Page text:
28 min

2 - The Japanese and Allied Centres of Gravity for the Malaya Campaign The Principles of War - Lessons from Military History on Strategy, Tactics and Leadership.

The Centre of Gravity is that characteristic, capability or locality from which a force, nation or alliance derives its freedom of action, strength or will to fight. 
For the British, the CoG was the Singapore Naval Base.  It was the fundamental part of the defence of the whole of South East Asia.  In times of need the Royal Navy would sail out to Singapore and defeat all comers and ensure that the Empire was secure.  The port at Singapore was central to the defence of Australia.  The base wasn't big enough for the fleet required to keep the seas free.  The fleet was unlikely to sally forth if decisively engaged in Europe, so the fleet base was too small for a fleet that was unlikely ever sail there.  It turned out to be the second largest graving dock in the world at the time.
We look at how the Singapore Strategy became increasingly untenable, but no one was prepared to
In 1940 it became apparent that the Navy would not be able to sail to Singapore 'for the foreseeable future."
LT GEN Percival conducted an analysis of the defence of Singapore before the war.  This dictated that the defence of Singapore would need to be conducted in Malaya and northern Malaya at that.
As the war progressed, Churchill hoped that the US would provide the Navy required to support the British in the Far East, if provoked.
With no Navy to defend the base, the defence of Malaya fell to the Air Force.  With not enough planes and the planes they had being too old, the last line of defence would be the Army.
The defence of the base dictated the way that the Battle of Malaya was fought.
For the Japanese, the CoG analysis is a lot easier.  It was the tank.
The tanks the Japanese had were not great and the tactics they used were not modern, but they had tanks, used them very aggressively and the British had no tanks in Malaya.  The Japanese used the tanks for filleting attacks which were devastating, especially against forces that were not well versed in combined arms, or even anti tank weapons.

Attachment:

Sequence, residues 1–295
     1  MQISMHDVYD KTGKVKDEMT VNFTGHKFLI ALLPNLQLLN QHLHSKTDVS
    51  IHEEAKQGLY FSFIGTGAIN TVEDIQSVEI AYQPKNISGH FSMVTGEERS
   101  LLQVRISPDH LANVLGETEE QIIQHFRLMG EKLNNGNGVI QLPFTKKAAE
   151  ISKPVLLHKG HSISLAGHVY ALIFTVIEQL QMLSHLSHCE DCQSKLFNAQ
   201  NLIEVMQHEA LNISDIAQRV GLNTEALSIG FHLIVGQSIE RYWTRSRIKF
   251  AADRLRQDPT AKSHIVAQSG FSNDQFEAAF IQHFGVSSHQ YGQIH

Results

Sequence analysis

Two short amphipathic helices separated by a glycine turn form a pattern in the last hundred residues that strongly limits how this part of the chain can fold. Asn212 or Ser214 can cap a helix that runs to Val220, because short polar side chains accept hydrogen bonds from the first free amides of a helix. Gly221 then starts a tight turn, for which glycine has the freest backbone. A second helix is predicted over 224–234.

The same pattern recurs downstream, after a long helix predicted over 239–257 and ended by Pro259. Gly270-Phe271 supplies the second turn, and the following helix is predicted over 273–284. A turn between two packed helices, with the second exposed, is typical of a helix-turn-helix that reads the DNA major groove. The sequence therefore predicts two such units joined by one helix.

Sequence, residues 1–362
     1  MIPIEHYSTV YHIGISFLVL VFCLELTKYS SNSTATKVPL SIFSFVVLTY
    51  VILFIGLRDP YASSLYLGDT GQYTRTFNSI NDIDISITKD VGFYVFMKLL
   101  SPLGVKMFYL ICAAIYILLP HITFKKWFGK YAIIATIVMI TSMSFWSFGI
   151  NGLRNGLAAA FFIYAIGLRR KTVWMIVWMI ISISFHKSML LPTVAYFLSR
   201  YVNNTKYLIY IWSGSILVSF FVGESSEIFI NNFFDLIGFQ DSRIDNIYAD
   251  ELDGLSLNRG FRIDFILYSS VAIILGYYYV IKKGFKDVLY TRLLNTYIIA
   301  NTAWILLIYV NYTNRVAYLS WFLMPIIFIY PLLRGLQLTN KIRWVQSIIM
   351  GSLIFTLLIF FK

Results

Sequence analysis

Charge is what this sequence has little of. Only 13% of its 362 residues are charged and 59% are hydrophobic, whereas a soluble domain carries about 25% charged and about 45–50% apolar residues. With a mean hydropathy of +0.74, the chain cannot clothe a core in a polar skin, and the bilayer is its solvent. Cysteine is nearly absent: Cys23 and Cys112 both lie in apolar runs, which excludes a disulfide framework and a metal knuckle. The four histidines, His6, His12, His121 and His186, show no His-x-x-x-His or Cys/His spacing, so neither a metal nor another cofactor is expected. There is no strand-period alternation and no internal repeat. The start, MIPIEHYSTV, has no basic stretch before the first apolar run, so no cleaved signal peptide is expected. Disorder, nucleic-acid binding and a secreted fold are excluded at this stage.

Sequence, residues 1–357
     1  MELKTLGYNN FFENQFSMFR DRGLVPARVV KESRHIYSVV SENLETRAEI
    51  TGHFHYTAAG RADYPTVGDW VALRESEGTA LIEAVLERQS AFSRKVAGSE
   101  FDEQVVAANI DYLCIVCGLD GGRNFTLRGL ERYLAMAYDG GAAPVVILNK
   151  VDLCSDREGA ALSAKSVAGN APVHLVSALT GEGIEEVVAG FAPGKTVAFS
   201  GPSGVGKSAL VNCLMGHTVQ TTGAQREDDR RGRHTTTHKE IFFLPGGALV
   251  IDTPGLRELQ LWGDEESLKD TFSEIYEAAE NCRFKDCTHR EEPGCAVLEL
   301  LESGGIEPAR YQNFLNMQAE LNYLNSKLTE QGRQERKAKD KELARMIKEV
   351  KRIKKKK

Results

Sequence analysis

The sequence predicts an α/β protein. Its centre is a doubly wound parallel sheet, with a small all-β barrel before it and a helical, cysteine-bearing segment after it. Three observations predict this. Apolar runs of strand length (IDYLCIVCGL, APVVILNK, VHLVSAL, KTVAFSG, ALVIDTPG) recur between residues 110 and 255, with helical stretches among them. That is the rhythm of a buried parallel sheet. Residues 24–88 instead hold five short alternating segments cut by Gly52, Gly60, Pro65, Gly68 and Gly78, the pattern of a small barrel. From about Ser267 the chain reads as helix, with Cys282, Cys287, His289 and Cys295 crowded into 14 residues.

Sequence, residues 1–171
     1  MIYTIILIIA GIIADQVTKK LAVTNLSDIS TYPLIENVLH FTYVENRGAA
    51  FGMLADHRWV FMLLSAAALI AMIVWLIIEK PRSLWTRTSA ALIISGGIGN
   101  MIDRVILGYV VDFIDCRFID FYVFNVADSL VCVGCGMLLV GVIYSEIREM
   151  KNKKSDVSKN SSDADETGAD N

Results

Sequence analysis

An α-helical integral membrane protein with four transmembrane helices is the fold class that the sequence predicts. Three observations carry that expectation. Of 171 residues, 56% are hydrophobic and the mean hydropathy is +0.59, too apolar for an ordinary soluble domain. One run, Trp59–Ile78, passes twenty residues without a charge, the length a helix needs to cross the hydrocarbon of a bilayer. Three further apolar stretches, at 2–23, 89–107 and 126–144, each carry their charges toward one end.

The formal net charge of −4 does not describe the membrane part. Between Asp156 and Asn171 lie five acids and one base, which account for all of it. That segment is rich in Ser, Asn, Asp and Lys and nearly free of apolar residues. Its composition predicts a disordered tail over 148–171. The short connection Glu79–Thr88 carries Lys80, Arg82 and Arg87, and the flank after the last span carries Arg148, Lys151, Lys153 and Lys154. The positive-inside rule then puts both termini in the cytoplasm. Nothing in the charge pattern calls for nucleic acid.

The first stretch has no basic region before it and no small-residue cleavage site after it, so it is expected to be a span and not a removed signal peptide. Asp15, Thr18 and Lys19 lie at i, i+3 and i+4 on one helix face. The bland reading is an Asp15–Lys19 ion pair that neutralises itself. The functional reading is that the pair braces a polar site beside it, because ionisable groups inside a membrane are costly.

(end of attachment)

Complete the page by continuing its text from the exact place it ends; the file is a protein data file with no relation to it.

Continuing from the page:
A Critical Vulnerability of tanks, of course, is the logistics tail required.  How will Yamashita overcome this?
 

The Centre of Gravity is that characteristic, capability or locality from which a force, nation or alliance derives its freedom of action, strength or will to fight. 
For the British, the CoG was the Singapore Naval Base.  It was the fundamental part of the defence of the whole of South East Asia.  In times of need the Royal Navy would sail out to Singapore and defeat all comers and ensure that the Empire was secure.  The port at Singapore was central to the defence of Australia.  The base wasn't big enough for the fleet required to keep the seas free.  The fleet was unlikely to sally forth if decisively engaged in Europe, so the fleet base was too small for a fleet that was unlikely ever sail there.  It turned out to be the second largest graving dock in the world at the time.
We look at how the Singapore Strategy became increasingly untenable, but no one was prepared to
In 1940 it became apparent that the Navy would not be able to sail to Singapore 'for the foreseeable future."
LT GEN Percival conducted an analysis of the defence of Singapore before the war.  This dictated that the defence of Singapore would need to be conducted in Malaya and northern Malaya at that.
As the war progressed, Churchill hoped that the US would provide the Navy required to support the British in the Far East, if provoked.
With no Navy to defend the base, the defence of Malaya fell to the Air Force.  With not enough planes and the planes they had being too old, the last line of defence would be the Army.
The defence of the base dictated the way that the Battle of Malaya was fought.
For the Japanese, the CoG analysis is a lot easier.  It was the tank.
The tanks the Japanese had were not great and the tactics they used were not modern, but they had tanks, used them very aggressively and the British had no tanks in Malaya.  The Japanese used the tanks for filleting attacks which were devastating, especially against forces that were not well versed in combined arms, or even anti tank weapons.
A Critical Vulnerability of tanks, of course, is the logistics tail required.  How will Yamashita overcome this?
 

28 min